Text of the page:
And a second study from the Obesity Society also confirmed that intermittent low-calorie diets were more effective for weight loss than continuous restriction.
Calorie counting: Is it for you?
- It's not the healthiest way to lose weight: Nutritionist Jenna says, "Calorie counting is generally not the healthiest approach to losing weight. It oversimplifies nutrition and dietary choices. Making healthy decisions should be based on a wide range of factors including proteins, fibre and micronutrients."
- The nutrition label on the back of food packets isn’t always correct: If you do decide to calorie count, be aware that the nutritional information won’t always be true. "The calories listed on food labels are often inaccurate," Jenna told us.
- Lack of nutrition labels: If the labels aren't always correct (or they don't exist), you'll have to make an educated guess. You'll have to base your plan around the nutritional values you do know - if you know any of them.
- It depends on your lifestyle: If you’re someone who enjoys going out to eat or drink, at a friend's house or in a restaurant, you're naturally going to find it harder to count calories, because you won't always know the calorific value of the food you're eating.
- You may experience a negative impact on your mental health: "Tracking calories can become all-consuming and can have a negative impact on mental wellbeing," Jenna says. And it’s particularly not recommended for those who have experienced disordered eating in the past - one study published in the Eating Behaviours journal found that out of 105 people diagnosed with an eating disorder, 75% said that they used an app to count their calories.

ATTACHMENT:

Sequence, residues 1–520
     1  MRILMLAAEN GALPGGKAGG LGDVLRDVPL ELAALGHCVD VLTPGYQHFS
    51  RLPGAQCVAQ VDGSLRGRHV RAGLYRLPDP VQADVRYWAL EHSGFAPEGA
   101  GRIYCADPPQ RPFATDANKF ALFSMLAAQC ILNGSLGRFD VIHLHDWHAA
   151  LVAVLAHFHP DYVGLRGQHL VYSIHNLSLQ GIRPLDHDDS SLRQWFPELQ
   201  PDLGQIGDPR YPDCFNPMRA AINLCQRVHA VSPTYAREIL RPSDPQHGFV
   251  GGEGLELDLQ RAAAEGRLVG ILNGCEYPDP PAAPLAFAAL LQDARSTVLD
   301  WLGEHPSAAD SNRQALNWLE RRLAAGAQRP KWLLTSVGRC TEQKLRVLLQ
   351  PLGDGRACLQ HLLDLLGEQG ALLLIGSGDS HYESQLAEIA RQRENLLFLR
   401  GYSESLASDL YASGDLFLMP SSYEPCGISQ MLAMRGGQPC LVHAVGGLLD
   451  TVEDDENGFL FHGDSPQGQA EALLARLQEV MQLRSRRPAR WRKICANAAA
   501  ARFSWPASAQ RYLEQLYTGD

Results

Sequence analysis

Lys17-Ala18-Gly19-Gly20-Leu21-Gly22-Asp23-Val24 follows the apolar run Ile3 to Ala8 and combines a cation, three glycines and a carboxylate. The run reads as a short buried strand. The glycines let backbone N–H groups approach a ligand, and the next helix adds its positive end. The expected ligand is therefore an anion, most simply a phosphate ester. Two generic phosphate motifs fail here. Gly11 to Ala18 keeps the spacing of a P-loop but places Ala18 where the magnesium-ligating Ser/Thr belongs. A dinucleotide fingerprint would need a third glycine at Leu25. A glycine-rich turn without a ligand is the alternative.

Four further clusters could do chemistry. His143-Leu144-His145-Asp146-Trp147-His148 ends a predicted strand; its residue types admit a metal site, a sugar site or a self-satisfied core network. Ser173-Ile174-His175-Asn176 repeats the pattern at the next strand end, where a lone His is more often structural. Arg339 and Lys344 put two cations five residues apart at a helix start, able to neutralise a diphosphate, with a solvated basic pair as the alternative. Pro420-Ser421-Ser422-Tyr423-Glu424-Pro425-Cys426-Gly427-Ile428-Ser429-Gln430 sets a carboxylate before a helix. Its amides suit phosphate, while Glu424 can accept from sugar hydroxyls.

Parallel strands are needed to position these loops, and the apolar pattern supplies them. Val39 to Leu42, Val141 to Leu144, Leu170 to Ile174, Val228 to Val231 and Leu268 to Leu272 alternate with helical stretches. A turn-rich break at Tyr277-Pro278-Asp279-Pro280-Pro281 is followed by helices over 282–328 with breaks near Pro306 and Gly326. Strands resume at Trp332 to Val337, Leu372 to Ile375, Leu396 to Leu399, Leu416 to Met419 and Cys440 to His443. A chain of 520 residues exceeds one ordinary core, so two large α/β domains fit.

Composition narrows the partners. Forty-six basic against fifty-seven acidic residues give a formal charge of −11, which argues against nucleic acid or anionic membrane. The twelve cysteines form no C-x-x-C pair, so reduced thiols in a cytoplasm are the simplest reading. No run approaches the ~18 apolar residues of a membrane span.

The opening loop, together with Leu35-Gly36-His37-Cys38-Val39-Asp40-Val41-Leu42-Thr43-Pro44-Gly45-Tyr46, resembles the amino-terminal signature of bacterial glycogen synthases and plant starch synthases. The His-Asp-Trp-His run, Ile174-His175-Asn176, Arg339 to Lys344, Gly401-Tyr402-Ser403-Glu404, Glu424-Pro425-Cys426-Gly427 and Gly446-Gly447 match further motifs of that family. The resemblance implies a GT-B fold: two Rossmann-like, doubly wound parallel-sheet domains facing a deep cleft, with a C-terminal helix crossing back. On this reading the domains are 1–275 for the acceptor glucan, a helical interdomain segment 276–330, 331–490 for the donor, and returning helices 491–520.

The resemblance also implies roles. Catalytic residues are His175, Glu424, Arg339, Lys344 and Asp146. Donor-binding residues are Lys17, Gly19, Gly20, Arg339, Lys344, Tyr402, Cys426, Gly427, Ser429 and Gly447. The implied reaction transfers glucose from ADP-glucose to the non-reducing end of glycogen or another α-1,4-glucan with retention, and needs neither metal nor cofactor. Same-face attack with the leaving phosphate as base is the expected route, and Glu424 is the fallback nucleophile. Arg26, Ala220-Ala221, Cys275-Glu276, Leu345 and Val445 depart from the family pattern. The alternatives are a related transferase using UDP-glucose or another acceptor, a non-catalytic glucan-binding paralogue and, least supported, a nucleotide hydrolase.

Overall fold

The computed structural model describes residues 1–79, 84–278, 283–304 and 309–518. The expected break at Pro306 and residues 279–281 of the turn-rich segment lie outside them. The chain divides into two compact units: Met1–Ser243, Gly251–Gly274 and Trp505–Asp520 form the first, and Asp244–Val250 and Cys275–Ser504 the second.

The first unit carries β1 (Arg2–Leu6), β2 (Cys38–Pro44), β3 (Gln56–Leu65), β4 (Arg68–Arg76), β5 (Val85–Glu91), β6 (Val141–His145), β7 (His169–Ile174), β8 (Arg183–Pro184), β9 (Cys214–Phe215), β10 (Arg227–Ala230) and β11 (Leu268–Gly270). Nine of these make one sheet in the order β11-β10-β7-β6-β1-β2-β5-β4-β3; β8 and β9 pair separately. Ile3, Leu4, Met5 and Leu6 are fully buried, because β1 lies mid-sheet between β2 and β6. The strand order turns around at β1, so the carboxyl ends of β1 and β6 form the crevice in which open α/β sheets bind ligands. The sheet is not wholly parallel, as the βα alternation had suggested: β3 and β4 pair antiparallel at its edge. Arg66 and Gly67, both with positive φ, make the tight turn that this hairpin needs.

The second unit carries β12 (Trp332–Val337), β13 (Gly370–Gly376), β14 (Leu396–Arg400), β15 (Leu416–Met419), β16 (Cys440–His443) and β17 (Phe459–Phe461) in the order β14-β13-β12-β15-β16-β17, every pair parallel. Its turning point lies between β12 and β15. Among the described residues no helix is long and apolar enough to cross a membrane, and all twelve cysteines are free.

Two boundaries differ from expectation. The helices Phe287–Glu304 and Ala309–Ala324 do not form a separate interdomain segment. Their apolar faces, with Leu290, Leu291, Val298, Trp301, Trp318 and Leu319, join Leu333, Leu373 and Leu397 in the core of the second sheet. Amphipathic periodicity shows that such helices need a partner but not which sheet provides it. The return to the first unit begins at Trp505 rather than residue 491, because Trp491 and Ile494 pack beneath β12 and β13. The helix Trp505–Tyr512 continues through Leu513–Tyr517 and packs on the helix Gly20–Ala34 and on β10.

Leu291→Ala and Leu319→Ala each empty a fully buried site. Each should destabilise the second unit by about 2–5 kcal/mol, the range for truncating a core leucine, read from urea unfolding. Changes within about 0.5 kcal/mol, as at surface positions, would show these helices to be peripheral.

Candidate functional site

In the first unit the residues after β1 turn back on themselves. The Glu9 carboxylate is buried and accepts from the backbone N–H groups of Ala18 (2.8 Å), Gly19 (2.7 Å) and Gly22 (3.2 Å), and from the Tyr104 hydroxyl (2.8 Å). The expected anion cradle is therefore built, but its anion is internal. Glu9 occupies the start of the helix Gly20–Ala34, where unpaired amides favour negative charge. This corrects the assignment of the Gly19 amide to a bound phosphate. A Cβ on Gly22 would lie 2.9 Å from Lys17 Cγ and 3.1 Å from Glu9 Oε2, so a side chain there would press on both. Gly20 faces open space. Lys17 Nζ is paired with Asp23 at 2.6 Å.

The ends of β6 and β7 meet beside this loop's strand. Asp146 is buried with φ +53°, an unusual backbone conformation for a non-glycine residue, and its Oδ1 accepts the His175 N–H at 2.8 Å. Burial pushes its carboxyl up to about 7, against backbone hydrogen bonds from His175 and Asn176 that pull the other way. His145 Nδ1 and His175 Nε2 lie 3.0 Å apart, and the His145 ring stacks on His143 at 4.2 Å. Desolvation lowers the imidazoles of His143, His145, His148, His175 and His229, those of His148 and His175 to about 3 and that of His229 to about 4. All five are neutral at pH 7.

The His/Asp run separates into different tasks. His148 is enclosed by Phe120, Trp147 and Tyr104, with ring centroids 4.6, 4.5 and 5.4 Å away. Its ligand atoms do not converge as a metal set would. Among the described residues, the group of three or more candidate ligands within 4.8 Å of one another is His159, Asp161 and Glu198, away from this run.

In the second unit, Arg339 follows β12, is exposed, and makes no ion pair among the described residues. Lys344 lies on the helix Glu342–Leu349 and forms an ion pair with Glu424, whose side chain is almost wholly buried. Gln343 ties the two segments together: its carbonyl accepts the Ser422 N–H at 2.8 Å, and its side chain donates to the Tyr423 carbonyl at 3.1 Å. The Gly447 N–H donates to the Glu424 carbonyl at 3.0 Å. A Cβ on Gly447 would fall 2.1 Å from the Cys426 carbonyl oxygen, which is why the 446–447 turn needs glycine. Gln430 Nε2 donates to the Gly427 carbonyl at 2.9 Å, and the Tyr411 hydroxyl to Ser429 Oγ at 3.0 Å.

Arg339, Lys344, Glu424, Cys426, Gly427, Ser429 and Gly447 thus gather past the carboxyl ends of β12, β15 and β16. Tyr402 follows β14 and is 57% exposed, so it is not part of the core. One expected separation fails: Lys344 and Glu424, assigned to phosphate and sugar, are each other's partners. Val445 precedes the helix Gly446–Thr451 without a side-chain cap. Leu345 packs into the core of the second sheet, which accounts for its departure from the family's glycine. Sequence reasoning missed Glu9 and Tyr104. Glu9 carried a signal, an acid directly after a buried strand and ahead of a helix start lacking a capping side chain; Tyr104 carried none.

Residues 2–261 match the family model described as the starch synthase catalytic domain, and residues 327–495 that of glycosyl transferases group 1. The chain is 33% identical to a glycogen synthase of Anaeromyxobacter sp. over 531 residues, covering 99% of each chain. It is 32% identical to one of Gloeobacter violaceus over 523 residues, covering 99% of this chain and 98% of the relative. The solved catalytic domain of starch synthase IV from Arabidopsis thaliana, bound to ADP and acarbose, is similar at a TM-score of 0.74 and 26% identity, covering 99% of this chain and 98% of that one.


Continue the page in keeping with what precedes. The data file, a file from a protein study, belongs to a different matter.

Calorie counting is not for everyone, and it's important that you do it properly. A 2022 study from the Yale University School of Medicine showed that while moderate calorie restriction led to the identification of a gene that is involved in improved immune and metabolic functions, extreme caloric restriction (a 40% reduction in calories) is associated with impaired immune function, which can lead to more severe infections.
And counting calories is not the only way to change how you eat to lose weight - simple things like adjusting portion sizes and making sure your meals are made up of the right types of food can also make a big difference. Why not download the NHS's free weight loss plan app to help you start healthier eating habits, be more active, and start losing weight.
We spoke to the following experts:
Greg has a BSc in exercise science and an MSc in exercise physiology. Greg’s PhD research focused on sleep, circadian rhythms, nutrition, and metabolism and highlights of his career include having this research featured in dozens of international news outlets and magazines, including BBC, Reuters, The Washington Post, Metro and Stylist. Greg helps individuals and organisations sustainably improve their health and performance by developing and popularising innovative businesses and products, coaching, public speaking, consulting, and empowering people through educational resources.
Jenna Hope is a Registered Nutritionist with an undeniable passion about making nutrition smarter, clearer and simpler, she provides quick, easy, nutrition advice which you can implement everyday. Founder of Nutrition consultancy firm Jenna Hope Nutrition, Jenna works closely with individuals, corporate clients and brands to implement smarter strategies for nutrition and to support health and wellbeing for the long-term.